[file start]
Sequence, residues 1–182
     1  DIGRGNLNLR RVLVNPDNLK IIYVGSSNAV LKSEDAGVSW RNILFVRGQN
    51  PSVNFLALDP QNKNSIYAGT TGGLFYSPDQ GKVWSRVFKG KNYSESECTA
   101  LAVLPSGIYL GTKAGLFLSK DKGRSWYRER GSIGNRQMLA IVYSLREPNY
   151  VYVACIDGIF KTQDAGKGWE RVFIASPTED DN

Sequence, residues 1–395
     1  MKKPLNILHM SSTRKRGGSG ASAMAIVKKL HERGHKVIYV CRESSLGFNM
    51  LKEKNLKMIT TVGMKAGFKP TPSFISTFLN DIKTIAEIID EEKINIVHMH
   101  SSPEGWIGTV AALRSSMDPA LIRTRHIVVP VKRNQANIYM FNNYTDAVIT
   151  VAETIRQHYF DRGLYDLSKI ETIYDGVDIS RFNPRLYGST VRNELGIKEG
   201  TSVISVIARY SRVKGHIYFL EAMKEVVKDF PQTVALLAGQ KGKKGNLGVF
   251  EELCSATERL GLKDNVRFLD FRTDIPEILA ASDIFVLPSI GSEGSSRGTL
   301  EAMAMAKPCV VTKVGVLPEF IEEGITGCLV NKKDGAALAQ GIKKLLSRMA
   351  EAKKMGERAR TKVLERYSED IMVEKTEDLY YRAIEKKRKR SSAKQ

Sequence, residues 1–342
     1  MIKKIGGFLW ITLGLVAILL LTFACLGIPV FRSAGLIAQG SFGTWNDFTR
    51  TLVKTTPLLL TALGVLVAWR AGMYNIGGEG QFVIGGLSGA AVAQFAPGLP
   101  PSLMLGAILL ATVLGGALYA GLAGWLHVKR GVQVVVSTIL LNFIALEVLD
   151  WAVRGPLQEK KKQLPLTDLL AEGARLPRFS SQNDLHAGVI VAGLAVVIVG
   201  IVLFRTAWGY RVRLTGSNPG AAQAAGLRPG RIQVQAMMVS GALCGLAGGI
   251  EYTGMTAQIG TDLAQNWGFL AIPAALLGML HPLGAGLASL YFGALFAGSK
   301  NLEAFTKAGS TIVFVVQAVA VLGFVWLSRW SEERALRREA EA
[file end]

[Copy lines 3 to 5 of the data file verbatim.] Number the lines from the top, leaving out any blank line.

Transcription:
    51  PSVNFLALDP QNKNSIYAGT TGGLFYSPDQ GKVWSRVFKG KNYSESECTA
   101  LAVLPSGIYL GTKAGLFLSK DKGRSWYRER GSIGNRQMLA IVYSLREPNY
   151  VYVACIDGIF KTQDAGKGWE RVFIASPTED DN